Pilgrim Tourism in India

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India is the birthplace of two major world religions – Hinduism and Buddhism – as well as a handful of lesser-known faiths. It’s also been heavily influenced by once-foreign religions that have arrived, settled in and made their own mark. From the kaleidoscopic colors of Hindu temples to the elegant minarets of mosques, the shimmering gold of Sikh gurdwaras to the serene halls of Buddhist temples, India’s sacred sites are spectacular enough to draw devoted pilgrims and photo-snapping tourists alike.

  1. Hindu

    • Hinduism is India’s largest religion, and millions of Hindus are drawn each year to Varanasi, their religion’s holiest city. Situated on the banks of the sacred Ganges River, pilgrims come to Varanasi to bathe and drink the water, watch holy men conduct rituals at dusk and even cremate their loved ones. India also boasts the biggest pilgrimage on earth, the Kumbh Mela. Held every four years in four different cities – Allahabad, Haridwar, Ujjain and Nasik – tens of millions of Hindu pilgrims take a dip in a holy river on auspicious days. Because of extreme overcrowding, fully booked accommodations and a lack of facilities, plan carefully and well in advance if you wish to attend.

    Muslim

      • Though Islam’s most important pilgrimage sites – Mecca and Medina – lie in Saudi Arabia, India has a host of mosques, shrines and tombs that attract the devout. Delhi’s Jama Masjid, the largest mosque in India, has a striking sandstone silhouette, delicate minarets and room for 25,000 devotees. Mumbai’s island mosque of Haji Ali Dargah is connected to shore by a causeway crowded with a constant stream of pilgrims. When visiting a mosque, remember to dress modestly in long sleeves and long pants or a long skirt, and remove your shoes, hat and sunglasses at the entrance. Women should cover their heads with a lightweight scarf for extra modesty.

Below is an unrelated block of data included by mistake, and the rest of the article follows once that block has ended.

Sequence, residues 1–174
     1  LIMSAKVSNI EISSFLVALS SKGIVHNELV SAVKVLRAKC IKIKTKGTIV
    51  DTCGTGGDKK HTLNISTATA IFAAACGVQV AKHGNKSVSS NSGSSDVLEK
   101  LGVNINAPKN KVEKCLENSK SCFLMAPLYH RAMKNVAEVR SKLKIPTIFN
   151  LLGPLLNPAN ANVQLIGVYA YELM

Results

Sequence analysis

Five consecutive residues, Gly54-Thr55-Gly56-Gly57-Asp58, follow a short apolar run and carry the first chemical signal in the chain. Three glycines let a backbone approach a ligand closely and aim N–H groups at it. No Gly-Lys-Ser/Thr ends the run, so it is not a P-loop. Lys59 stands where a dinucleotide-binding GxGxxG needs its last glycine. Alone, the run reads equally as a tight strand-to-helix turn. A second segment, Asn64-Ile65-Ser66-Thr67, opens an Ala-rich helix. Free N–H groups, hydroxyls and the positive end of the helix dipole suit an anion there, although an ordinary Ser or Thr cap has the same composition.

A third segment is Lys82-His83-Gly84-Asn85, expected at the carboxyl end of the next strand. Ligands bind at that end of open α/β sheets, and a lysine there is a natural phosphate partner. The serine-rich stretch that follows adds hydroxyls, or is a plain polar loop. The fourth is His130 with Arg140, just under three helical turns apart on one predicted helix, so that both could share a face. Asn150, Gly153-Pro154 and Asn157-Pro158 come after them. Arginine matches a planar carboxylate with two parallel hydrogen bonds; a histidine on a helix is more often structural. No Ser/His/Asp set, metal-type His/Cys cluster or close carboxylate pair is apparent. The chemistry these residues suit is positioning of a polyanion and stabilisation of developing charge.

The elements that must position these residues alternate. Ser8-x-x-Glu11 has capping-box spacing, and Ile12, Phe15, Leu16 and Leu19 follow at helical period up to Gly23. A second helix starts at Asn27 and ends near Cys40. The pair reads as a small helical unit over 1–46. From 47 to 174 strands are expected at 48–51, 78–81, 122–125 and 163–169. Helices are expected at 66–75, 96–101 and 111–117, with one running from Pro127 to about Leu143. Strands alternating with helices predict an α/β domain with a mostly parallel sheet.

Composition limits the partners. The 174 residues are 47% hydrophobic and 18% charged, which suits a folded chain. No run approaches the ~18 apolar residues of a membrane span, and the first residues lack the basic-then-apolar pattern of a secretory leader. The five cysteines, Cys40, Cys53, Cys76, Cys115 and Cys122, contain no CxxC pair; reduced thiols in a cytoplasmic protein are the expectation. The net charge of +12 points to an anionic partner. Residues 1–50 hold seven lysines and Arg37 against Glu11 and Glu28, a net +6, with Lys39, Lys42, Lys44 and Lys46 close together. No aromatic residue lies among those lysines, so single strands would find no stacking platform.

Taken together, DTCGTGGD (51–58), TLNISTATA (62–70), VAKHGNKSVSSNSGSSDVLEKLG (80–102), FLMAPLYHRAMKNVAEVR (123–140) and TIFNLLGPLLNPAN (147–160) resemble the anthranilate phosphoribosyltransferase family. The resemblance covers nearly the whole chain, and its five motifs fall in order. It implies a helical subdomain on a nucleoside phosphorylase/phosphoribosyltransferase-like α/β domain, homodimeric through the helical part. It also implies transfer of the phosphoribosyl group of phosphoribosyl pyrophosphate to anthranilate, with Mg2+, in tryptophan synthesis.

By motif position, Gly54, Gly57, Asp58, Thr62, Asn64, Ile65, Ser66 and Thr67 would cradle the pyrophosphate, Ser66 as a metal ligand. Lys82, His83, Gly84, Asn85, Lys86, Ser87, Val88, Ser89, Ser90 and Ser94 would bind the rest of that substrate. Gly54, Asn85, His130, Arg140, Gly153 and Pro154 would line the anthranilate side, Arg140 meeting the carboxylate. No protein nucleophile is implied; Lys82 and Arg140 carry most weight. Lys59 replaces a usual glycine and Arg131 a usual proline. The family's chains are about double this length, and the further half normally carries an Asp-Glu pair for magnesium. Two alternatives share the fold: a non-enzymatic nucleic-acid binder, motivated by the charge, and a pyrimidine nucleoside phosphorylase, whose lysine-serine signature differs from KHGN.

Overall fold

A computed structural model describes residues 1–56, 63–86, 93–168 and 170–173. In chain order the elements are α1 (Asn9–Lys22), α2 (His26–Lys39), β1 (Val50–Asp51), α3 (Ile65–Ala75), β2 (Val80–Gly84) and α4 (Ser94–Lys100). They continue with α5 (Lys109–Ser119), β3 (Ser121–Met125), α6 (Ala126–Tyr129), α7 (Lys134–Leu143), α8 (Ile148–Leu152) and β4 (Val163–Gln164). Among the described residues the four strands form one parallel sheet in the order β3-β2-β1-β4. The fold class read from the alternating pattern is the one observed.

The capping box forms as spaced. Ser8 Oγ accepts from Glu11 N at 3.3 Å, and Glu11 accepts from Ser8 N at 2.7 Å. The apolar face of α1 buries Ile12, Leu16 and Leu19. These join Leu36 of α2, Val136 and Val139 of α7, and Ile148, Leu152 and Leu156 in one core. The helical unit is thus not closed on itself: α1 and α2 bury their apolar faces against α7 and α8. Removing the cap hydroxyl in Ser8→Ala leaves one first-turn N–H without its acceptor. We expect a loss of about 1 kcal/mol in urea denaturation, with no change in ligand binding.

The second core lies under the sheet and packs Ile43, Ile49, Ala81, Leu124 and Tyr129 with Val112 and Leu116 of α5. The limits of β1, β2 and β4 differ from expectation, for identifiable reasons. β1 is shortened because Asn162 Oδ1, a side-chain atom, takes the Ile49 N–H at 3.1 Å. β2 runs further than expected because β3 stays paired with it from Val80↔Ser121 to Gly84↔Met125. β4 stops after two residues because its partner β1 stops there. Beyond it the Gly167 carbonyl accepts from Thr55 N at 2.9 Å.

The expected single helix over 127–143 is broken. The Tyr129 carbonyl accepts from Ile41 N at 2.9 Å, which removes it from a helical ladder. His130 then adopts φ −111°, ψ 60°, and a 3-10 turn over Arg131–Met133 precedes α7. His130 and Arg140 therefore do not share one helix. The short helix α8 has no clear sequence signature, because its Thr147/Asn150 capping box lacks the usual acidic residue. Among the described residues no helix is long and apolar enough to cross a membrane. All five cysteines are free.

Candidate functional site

Sikh

    • The holiest site for followers of Sikhism is the Golden Temple in Amritsar, an ornate, gilded shrine surrounded by an extensive complex of towers, a museum, dining hall and pilgrims’ dormitories. All visitors, regardless of religious affiliation, are welcome to eat and sleep in the dining hall and dormitories for a small donation. Visitors of both genders are required to cover their heads, remove their shoes and wash their feet before passing through the temple gate.

    Buddhist

    • Though the historical Buddha was born in what is today Nepal, he spent much of his life in India, attaining enlightenment in Bodhgaya, giving teachings in Sarnath and Rajgir and dying in Kushinagar. These towns are now pilgrim hot spots for Buddhist monks, nuns and laypeople from India and around the world. Bodhgaya is the most developed among them, with meditation centers, monasteries and numerous temples built in the traditional styles of Buddhist countries across Asia. Both genders should dress modestly when visiting Buddhist temples, keeping upper arms and knees covered and removing shoes before entering. When sitting, visitors should avoid pointing the soles of their feet at any image of the Buddha.

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